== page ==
First Birthday Party Fun
From hats to the bib to the banner on the high chair to the party favors to the venue to the food and drinks, the details of planning a child’s first birthday party are nearly endless. Whether you go all out or keep it intimate and simple, order a 12” round smash cake or pick up a simple cupcake, the process can either be exhilarating or anxiety-inducing. In today’s world of Pinterest and Instagram, it’s usually the latter, no matter what type of mom you are. But it doesn’t have to be.
“Party planning can be overwhelming, and it can stress people out with the details,” says Angela Babin, owner of Angela Marie Events. Babin has been a professional event planner since 2011, and her biggest piece of advice to parents when planning is to “press the easy button when you can,” she says. “When it comes to food, a chip bar is easy because you aren’t slaving in the kitchen.”
Local mom Madi Roughton recently celebrated her son’s first birthday and provided “heavy snacks” forgoing an actual, full meal, which “worked out great,” she says. If it’s in the budget, catering is always an option. If it’s not, offer something simple (that doesn’t require cooking), like pizzas. Whatever works for the budget, theme, and sanity, go for it and don’t look back.
When planning for food, Babin also suggests planning for drinks–and the Louisiana summer heat. “Always, when you have a party during hot weather, account for double what people are going to drink,” she advises.
Local mom of two Stephanie Lambert recommends beginning to plan as early as possible. “Everything about birthdays is stressful, at least to me,” she says. “So much goes into planning one that I feel like you have to start preparing extremely early. It’s a big milestone, so you want everything to be perfect. Today, parties have so much detail–balloons, cookies, cake, decorations, themes. It takes a few months to really get everything together.” Which is true. Babin says, while a few years ago it was customary to send an invitation two weeks prior, that number has now jumped to a month.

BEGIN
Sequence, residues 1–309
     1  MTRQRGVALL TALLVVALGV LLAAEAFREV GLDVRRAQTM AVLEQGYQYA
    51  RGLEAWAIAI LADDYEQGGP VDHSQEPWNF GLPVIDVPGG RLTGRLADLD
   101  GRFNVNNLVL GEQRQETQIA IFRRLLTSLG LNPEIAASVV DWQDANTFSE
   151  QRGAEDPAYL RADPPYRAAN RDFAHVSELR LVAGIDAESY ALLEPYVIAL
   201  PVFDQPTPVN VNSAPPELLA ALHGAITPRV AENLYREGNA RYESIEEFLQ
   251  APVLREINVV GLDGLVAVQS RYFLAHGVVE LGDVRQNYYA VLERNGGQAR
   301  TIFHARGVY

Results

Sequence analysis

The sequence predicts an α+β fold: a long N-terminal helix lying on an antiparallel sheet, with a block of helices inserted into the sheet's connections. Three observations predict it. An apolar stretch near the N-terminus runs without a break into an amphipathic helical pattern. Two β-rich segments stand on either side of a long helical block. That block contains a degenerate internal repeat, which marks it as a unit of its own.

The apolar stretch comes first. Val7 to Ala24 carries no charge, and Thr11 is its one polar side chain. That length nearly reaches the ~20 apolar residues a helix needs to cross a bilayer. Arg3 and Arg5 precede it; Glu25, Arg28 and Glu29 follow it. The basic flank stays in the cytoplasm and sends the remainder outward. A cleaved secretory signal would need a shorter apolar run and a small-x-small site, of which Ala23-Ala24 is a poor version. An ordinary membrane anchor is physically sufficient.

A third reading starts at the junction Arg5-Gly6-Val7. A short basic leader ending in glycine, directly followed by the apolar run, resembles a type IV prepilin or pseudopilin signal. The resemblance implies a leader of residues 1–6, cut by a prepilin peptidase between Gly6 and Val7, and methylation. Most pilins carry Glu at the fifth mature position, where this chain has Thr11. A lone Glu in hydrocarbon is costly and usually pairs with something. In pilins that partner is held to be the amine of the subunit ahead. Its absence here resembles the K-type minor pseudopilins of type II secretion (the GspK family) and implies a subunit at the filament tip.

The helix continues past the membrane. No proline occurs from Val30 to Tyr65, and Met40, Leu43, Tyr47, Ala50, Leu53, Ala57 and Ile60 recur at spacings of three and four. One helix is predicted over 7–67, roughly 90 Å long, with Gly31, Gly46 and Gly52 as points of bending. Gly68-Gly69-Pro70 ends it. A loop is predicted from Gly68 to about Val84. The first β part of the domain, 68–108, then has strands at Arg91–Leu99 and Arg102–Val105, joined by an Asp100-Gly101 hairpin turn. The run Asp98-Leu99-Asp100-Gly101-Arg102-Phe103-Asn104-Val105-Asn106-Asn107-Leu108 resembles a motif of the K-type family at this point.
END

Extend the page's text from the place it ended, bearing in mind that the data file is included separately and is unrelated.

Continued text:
“People are too busy these days,” she says. “People have plans. People go on vacation. So now, I like to send mine no later than a month ahead. If you really want people to come, you need to let everyone know in advance.”
To Babin, the invitations are the first impression of the party. While she knows evites are on the rise, she believes in the old-school mentality of mailing invitations out. “Sending out an invitation lets people know it is important,” she says. “People don’t send cards as much. People don’t send thank yous as much. An invitation in the mail lets the receiver know it’s going to be an important day for your family and you’d like them to share it with you.”
Babin says it’s important to remember that it is not only a child’s birthday party, but could be a relaxing, fun day for the adults, too. For example, for a “capes and queso” themed party, a taco station and a margarita machine would get the stamp of approval from kids and adults both.
“If you’re going to have families over, you want everybody to have a good time,” she says. “It’s not just the kid you’re inviting. You’re inviting the family. There might be an older sibling, mom, dad, and sometimes even grandparents who will tag along.”
Still, Roughton says there is a lot of pressure on parents today to throw the perfect party, in what she calls an era of “Pinterest momming.” That being said, being practical is important, too.
“You don’t want to overstretch your budget for something your child won’t remember,” she says.
Lambert says in the end, the memories are worth it. “I know at such a young age my girls probably won’t remember much about them, but I will. In a few years, they will just want to have a few friends over for sleepovers or maybe go shopping at the mall, so I want to enjoy planning and celebrating them this way as long as I can,” she says.
Babin says she went “all out” on her son’s first birthday because he was a miracle. “He wasn’t meant to be, according to doctors,” she says. “Not only are you celebrating that your child is one, but you are celebrating that mom made it through that year. On my son’s big day when I came down, everyone was applauding me. It wasn’t my birthday, but in a sense, it was my day, too because motherhood is not for the weak.”
Babin hosted a Kentucky Derby party complete with a southern brass band, catering from City Pork, lawn games, Mint Juleps, and of course, ponies. But beyond the theme, decorations, and food lies the most important part of the whole day–the reason for the celebration.
“The best thing about the birthdays are the family and friends who show up,” Lambert says. “You realize just how special your children are when all of the people who mean the most to you take time out of their day to come celebrate with you.” ■